The secrets of an open heart

I’ve been feeling grief. Tuesday I did not get out of my pajamas, and I've had rolling spells of tears for weeks, at first seemingly unconnected to anything. I ride and feel. Then lightness. Ride and feel.

Sorrow comes when it comes and has a variety of appearances.

I’ve written about my son’s death. It will be 7 years on August 20, which is also my daughter's birthday. Feelings arise from the loss of Michael. This time it was witnessing my daughter’s grief.

A friend who works with those experiencing stillbirths writes about grief as physically embodied at a cellular level. Physicists and philosophers call these unfinished energy patterns impressions. In the yogic tradition, they’re called samskaras, an energy that has not passed through.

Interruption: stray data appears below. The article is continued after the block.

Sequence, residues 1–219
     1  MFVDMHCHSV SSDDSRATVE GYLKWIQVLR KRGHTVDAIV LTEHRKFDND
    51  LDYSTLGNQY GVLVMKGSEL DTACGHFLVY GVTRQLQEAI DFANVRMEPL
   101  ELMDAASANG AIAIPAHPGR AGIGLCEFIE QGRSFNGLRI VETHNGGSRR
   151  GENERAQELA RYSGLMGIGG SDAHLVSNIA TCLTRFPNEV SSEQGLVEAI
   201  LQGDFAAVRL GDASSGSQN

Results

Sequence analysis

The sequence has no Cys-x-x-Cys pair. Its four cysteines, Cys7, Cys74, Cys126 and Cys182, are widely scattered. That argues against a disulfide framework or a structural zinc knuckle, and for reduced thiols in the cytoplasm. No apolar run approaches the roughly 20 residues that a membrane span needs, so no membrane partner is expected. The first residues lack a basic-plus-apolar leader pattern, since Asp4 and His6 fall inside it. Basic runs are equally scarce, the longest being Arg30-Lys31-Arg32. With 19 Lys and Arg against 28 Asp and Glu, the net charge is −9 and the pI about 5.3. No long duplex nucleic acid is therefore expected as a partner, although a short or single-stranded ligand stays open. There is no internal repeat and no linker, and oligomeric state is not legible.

I’m aware that there is leftover energy inside of me from my son’s passing.

My grief is one thing, but witnessing my daughter’s grief is another. 

This is what happened. When she expressed her feelings, I responded by giving her information about self-care. That might seem like a kind response, but it isn’t helpful when someone is sobbing. What she needed was for me to be quiet and listen. No words, no advice, no help. Just be with her pain.

I know why it’s hard to keep my mouth shut. Being with her pain is deeply uncomfortable. I might rationalize that I was trying to help. But honestly, my reflex reaction was an attempt to rescue myself from my own pain.

Being with our feelings, quietly and with presence, will help us heal. Remembering that feelings come and go, are impermanent, and ever-changing is a view that supports being able to do this.